We left the museum in the middle of the afternoon and contemplated what to do next. I was interested in seeing some sort of Christian religious service in St. John's Cathedral, a historic Anglican cathedral built in the 19th century. (Christianity was an important part of the British life in the colony, and I like to claim that I'm interested in all local religious traditions, not just eastern ones.) There were services throughout the week, especially on Sunday and for Christmas, and the best one looked like the "Festival of Lessons and Carols" on Sunday evening. We dropped by the hotel to change into nicer clothing and headed back to take MTR to Central. We stopped by a Pacific Coffee Company outlet in Central for a late-afternoon snack of hot drinks and baked goods before heading to the church.

We arrived a little late for a good seat but found two adjacent seats on the left side of the church, with a large pillar blocking our view of the front. (We were tempted by the presence of video monitors hanging from the pillars, but they did not turn on to give us a view of the front.) The service was interesting, with a mixture of English, Mandarin, Cantonese, and one or more languages from the Philippines, giving a sample of the languages spoken by the people in the church (and the various languages services are offered in). Calvin sat on our laps for the program and eventually laid down across our laps; after writhing uncomfortably for a few minutes he fell asleep, and stayed asleep as we took him home.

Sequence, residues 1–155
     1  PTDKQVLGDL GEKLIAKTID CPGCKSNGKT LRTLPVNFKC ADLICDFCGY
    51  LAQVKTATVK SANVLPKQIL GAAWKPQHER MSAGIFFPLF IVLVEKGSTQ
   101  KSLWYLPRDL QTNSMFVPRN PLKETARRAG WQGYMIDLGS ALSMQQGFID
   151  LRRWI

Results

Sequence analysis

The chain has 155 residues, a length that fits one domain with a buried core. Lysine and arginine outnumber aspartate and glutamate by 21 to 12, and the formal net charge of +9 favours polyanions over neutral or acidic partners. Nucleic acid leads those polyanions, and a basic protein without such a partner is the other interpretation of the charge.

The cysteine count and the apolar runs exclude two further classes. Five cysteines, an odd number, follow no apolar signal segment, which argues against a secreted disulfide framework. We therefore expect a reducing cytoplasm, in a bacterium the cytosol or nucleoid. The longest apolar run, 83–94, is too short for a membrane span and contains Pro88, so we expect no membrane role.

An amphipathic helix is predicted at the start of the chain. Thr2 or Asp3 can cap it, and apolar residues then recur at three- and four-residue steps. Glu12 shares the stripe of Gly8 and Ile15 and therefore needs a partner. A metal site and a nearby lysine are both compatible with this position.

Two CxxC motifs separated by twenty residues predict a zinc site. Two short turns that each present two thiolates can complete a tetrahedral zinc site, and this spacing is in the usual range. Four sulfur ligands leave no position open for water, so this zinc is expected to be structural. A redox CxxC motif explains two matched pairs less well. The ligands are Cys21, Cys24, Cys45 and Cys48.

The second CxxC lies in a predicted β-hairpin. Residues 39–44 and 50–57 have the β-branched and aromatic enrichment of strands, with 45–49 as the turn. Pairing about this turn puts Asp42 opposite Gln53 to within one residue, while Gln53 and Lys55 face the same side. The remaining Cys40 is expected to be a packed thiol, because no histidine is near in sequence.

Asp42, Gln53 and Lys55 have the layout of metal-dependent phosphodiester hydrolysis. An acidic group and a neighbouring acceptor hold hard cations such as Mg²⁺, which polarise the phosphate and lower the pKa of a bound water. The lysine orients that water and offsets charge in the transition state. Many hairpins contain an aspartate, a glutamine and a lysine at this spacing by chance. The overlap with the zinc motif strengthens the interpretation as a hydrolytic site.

I was far more awake in the evening than the previous day, but I still turned in for an early night after taking some notes on what to do the following day.

For a parallel account of our second day in Hong Kong, see The Second Day. For more photos from Sunday see Photos on 2012-12-23.